As the old adage goes, if you can’t measure something, you can’t manage it – and you certainly can’t hope to improve it. So it’s no surprise that, as companies accelerate down the road of digital transformation, many are looking for new and better ways to measure their progress.
The trouble is that traditional ways of measuring the ability of development teams to deliver software don’t give the full picture of what’s happening. And that, in turn, makes it difficult for managers to make good decisions when it comes to prioritising work items and allocating resources to them.
That’s not to say that delivery metrics aren’t useful. Throughput, for example, is a valuable measure of the rate at which new code is put into production. Lead time gives helpful insight into the time that elapses between the identification of a new requirement and its delivery into production. Cycle time, another beneficial metric, indicates how much time elapses between the actual initiation of work on a piece of code and its go-live.
But the reality is that, in many organisations, and especially larger ones, these metrics can be highly unstable, especially if managers resort to throwing more bodies at a problem in the face of an impending deadline.
More importantly, they don’t tell the full story. Other dimensions are needed in order to get an accurate measure of progress against the digital transformation roadmap. In particular, what’s missing from the picture are product-related metrics: the quality of code, for example, as revealed by defect rates; and whether the overall level of technical debt (the amount of later rework incurred when the delivery of a piece of code is expedited) is either mounting up or being whittled away over time.
These product-related metrics matter, because of their close interplay with the performance-related metrics we discussed earlier. Pushing harder on throughput, for example, can cause defects or technical debt to rise. Conversely, work to reduce technical debt may lead to a corresponding dip in throughput. Only by collecting this data and combining it in order to identify emerging patterns can management understand the full implications of their decisions on overall progress.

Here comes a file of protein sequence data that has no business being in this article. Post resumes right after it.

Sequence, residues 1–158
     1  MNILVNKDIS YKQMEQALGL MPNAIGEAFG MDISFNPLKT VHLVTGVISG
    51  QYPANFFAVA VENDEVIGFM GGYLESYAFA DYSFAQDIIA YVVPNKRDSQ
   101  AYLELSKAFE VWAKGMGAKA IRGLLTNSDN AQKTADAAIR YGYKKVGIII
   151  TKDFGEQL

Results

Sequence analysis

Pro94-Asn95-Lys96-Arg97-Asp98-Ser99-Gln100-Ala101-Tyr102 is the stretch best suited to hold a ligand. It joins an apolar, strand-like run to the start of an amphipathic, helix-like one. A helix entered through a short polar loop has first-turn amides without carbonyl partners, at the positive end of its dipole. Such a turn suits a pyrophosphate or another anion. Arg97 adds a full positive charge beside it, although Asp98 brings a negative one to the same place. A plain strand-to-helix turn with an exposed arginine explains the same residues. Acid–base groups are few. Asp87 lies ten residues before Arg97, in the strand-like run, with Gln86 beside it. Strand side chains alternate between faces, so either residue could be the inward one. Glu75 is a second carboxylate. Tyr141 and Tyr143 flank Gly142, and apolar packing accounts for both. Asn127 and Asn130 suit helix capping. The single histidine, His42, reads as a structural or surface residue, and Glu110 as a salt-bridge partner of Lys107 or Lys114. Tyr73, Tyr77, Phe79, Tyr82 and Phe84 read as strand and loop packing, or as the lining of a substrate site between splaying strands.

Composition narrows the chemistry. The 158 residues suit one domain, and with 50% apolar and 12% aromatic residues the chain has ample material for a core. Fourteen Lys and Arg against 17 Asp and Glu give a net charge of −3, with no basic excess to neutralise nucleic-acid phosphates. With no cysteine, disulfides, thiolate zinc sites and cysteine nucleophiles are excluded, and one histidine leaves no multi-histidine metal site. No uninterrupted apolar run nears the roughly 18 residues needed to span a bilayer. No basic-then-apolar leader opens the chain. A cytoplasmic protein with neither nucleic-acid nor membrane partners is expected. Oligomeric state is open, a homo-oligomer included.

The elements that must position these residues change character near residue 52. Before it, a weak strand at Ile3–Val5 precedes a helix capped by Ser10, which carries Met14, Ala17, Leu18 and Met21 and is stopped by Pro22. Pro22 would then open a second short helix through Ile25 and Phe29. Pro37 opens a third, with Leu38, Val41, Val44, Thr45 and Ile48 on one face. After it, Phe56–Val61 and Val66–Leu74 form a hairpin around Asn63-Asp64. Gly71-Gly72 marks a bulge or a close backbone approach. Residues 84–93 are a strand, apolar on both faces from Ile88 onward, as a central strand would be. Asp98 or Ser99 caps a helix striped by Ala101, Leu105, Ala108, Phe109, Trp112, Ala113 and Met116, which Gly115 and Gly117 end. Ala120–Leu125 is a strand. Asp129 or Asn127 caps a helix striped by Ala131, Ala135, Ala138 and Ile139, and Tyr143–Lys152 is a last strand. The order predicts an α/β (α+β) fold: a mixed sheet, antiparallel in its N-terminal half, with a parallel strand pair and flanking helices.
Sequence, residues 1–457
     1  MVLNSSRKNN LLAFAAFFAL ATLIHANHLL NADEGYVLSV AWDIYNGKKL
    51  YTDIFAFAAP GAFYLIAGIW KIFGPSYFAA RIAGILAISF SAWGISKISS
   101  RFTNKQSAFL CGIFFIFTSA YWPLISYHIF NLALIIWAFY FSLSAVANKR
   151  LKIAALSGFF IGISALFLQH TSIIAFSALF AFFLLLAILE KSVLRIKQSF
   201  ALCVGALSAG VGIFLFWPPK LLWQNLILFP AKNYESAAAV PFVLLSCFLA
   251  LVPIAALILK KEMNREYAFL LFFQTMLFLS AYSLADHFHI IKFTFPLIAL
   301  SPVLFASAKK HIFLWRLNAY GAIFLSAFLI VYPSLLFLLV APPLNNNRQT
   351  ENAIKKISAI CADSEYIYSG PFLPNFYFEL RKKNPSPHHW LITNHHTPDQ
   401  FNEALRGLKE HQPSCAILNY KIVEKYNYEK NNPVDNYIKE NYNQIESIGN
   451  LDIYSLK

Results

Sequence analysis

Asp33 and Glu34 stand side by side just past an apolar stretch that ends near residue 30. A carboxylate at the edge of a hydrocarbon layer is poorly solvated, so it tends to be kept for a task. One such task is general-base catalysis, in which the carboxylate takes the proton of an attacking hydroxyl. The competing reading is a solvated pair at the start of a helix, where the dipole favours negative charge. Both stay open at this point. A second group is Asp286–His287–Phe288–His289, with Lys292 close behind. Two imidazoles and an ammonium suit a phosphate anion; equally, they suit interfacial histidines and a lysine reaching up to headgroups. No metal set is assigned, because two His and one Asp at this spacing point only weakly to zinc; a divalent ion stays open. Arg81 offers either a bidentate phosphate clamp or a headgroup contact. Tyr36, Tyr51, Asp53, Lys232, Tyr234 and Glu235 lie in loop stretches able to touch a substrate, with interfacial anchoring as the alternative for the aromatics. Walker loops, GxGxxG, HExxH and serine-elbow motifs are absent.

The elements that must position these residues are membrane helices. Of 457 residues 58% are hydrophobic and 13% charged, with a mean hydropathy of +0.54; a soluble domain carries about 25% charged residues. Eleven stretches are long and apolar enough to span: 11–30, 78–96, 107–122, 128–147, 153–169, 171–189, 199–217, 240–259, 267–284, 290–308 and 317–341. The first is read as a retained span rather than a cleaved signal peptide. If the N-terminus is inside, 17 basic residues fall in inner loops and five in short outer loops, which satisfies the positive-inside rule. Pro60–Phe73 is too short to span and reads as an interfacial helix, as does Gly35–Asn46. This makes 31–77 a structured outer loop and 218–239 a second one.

At Zuhlke, we are taking a metrics-driven approach that seeks to be more holistic by focusing on both types of measure. We find it useful not only in our own work, but also when we assess the performance of our clients’ digital delivery teams and make our suggestions as to where and how they might improve in order to achieve their digital goals. Our approach focuses on introducing product-related data drawn from JIRA ticketing systems and GitHub, for example, and combining it with performance-related metrics in easy-to-interpret dashboards.
These dashboards provide an at-a-glance way for users to identify patterns and trends – and from there, with the right training and knowledge of business context, to find correlations between decisions made and upticks/downturns in performance.
The information provided by the metrics needs to be interpreted in context—the measurements in themselves cannot indicate if a situation is good or bad. For example, an ‘all hands on deck’ diversion of resources in order to get a big new customer on board may have a negative impact on technical debt, lead time, and cycle time. However, if the value provided by the acquisition is much higher than the cost of fixing the problems caused by it, the diversion was a good decision.
Metrics, usually, are lagging indicators, but there are some that can be used almost in a predictive manner. For example, combining the measurement of technical debt with frequency of change of source files, may help to decide where a concerted effort on reducing technical debt is likely to give the biggest long term gains in terms of throughput, cycle time, lead time, etc. Done well, this kind of analysis leads to insights that the organisation can take forwards into future projects.
Either way, training is essential. A management team that is simply drowning in data, with no way to make use of it, is likely to lose its way pretty quickly. But one that knows how to extrapolate visual clues, interpret them correctly and use their findings to make more informed decisions will immediately find itself on a much firmer footing. And, with the metrics that matter under its belt, we believe any organisation can take on the digital transformation challenge with renewed confidence.